Monmouth Academy’s Audrey Fletcher, right, collides with Sacopee Valley High School’s Lindsey Hendricks during a soccer match Thursday in Monmouth. (Andy Malloy/Kennebec Journal)

MONMOUTH — Monmouth Academy’s only loss of the season was in its second game, when the Mustangs fell into a two-goal deficit, battled back but lost in overtime.

On Thursday afternoon, ninth-seeded Sacopee Valley’s Lakyn Hink scored twice in the first half and didn’t need overtime to defeat Class C South’s top seed, 3-1.

The name of the game for the Hawks was pressure. From the opening whistle, Sacopee Valley beat Monmouth to seemingly every loose ball, creating opportunity after opportunity at the net.

“Early on, we got them to sit back a little bit and we peppered their defense and their goalie,” Sacopee Valley head coach Brian Hink said. “That’s when we got things going and girls were working off the ball. And then we got those two quick goals that really kind of sailed us to halftime.”

Just seven minutes into the game, a deflected ball in the penalty box found Hink for an easy goal to put the underdog Hawks up a score. The goal was the culmination extensive offensive possession, something Sacopee Valley owned the majority of the game.

Eleven minutes later, Sacopee Valley had multiple chances to go ahead 2-0 when two shots hit the post and another went over the crossbar. It wouldn’t deter the Hawks, though, as just five minutes later Hink found the back of the net again, this time off a low cross from Brenna Humphrey.

“It felt really good,” Lakyn Hink said. “We were doing really well with our passing and we were going to the ball, which helped a lot, and we were being very aggressive.”

Monmouth Academy only had two shots in the first half. One of those was a free kick from Audrey Fletcher which was saved by Hawks goalkeeper Kylie Day, one of her seven saves on the day.

For Monmouth head coach Gary Trafton, Sacopee Valley’s skill was evident even before Thursday’s match.

“Playoffs are a whole different breed than the regular season,” Trafton said. “They played tough against Madison. They battled and we knew they would be tough today.”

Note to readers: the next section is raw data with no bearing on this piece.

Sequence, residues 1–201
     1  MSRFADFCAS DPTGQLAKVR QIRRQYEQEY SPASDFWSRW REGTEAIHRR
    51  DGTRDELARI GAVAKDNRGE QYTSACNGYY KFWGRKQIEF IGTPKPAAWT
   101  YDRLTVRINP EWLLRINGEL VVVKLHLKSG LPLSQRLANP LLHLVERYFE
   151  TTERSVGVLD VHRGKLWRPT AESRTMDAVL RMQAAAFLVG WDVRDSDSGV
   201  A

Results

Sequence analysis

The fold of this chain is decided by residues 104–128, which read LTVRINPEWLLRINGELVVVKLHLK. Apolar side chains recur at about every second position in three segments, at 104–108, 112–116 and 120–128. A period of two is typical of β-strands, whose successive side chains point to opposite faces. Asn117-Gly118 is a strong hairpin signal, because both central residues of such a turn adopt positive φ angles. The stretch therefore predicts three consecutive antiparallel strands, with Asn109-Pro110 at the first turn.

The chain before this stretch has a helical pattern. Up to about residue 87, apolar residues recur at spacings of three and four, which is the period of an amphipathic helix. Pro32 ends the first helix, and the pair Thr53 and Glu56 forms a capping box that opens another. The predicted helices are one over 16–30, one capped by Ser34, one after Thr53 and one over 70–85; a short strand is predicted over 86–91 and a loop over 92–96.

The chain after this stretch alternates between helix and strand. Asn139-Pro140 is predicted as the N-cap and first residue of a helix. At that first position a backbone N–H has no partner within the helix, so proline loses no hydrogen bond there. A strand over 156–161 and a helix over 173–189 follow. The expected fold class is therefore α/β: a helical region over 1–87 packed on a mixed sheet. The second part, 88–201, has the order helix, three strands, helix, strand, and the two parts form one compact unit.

In the second half, the Mustangs knew that they had to possess more  if they wanted a chance to come back.

Five minutes into the second half, Monmouth forward Abbie Crawford had the team’s best chance at a goal to that point when she stole the ball from a Sacopee Valley defender and broke away, but shot the ball just wide of the far post.

The Hawks kept the pressure on the Mustangs, even with a two-goal lead, something that was planned leading up to the game.

“I kept telling the girls to keep the pressure and keep trying to force them to sit back and wait for us to come at them,” Hink said. “They had more offensive opportunities than I wanted them to get but my girls stepped up today and they did everything we worked on all week.”

With 18 minutes remaining, Monmouth’s Alicen Burnham drove down the right side of the field and crossed to teammate Megan Ham in front and to the left ide of the net. Ham passed a high ball to Crawford who ripped it into the back of the net to pull within one.

“They just beat us to the ball in the first half,” Trafton said. “They were hungry and aggressive, and when you don’t get to the ball you can’t make any passes. You can’t move on in the playoffs without getting to the ball. Second half we played a lot better and had more opportunities.”

Even with the one-goal lead, Sacopee Valley continued to attack on offense instead of falling back on defense. The team’s mindset never wavered.

Allie Black scored off a pass from Lindsey Hendricks with four minutes remaining to put the bow on their upset win.

“We’re an offensive team, but we have a strong defense to back it up, which is cool,” Lakyn Hill said. “We’ve got to get up, we can’t fall back. We have to push.”

Hill’s gameplan of overbearing pressure on the Mustang defense came up aces.

“It’s high school sports. It’s all about execution and pressure,” Hill said. “I have been doing this a long time, and (believed) we could just get some pressure on them because they have a lot of sophomores and juniors and not senior-heavy like us. It felt like if we could pressure them and a get a goal, they aren’t used to playing from behind.”

Monmouth Academy’s Abbie Crawford reacts Sacopee Valley High School’s third goal during a soccer match Thursday in Monmouth. (Andy Malloy/Kennebec Journal)

Monmouth Academy’s Libby Clement, right, is pushed by Sacopee Valley High School’s Gabbi Black during a soccer match Thursday in Monmouth. (Andy Malloy/Kennebec Journal)


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